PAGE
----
New Law To Fine Professional Mourners Scaring Away Investors In Kisumu

Professional Mourners in Kisumu
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Kisumu County government is not happy with the way professional mourners have been doing their job lately as they have been a little over the bar.  That the professional mourners who normally charge between Sh500 and Sh2,000 a day depending on the distance and the financial muscle of the deceased’s family are scaring investors and causing tension within the CBD.

To tame the so-called professional mourners who have been booming in the region, the county government decided to throw in some laws to get a grip in the wailing. In a new law, professional mourners found wailing in certain areas will be instantly slapped with a Ksh2,000. The designated areas that have been marked by the county officials include hospitals, schools and the town’s CBD. As for the families hiring these mourners, they are equally liable to punishment.

City director of environment Bernard Ojwang said enforcement officers will detain hearses ferrying bodies within the town and the deceased’s family will be fined Sh20,000 instantly. He confirmed the enforcement is in line with a law that was passed by Kisumu County Assembly in 2014, after a motion that was moved by former MCA and Tourism committee chair Jacktone Onunga.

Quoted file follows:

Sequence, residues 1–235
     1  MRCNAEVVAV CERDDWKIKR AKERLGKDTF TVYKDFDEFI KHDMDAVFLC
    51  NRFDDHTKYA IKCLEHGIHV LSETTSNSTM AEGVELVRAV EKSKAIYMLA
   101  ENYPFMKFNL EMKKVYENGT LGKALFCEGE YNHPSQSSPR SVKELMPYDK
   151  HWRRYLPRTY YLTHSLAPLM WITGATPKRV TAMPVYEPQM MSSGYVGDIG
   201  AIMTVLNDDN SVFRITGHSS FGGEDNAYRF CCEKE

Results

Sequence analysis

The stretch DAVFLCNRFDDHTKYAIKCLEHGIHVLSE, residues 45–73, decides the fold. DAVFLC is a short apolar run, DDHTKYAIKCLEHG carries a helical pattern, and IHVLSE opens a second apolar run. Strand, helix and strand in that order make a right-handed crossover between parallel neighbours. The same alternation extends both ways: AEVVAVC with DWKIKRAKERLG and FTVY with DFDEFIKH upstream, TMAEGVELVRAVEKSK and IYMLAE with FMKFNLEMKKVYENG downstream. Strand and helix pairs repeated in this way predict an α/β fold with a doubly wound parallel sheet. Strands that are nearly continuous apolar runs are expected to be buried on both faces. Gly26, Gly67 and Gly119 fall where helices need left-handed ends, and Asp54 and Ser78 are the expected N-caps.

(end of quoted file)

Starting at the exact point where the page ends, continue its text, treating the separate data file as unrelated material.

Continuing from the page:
“Many people, especially the businessmen, are complaining that the mourners are rowdy and some take advantage and steal from the shops as they go around the town. Mourn in town at your own risk because our officers are alert and will arrest and charge those disturbing others in the name of mourning,” said Ojwang yesterday.

As if that is not enough, folks in Kisumu have been complaining about loud music being played by bereaved families to solicit for funds from the public. But NEMA will not tolerate that.

“It has become a norm that everywhere you go people play music to collect funds for their loved one. Anyone who does so without a licence will be arrested and charged,” NEMA county director John Sande gave a stern warning.

Enforcement of this law has been backed by religious leaders who were fed up with seeing the professional mourners for hire abuse the culture of mourning.

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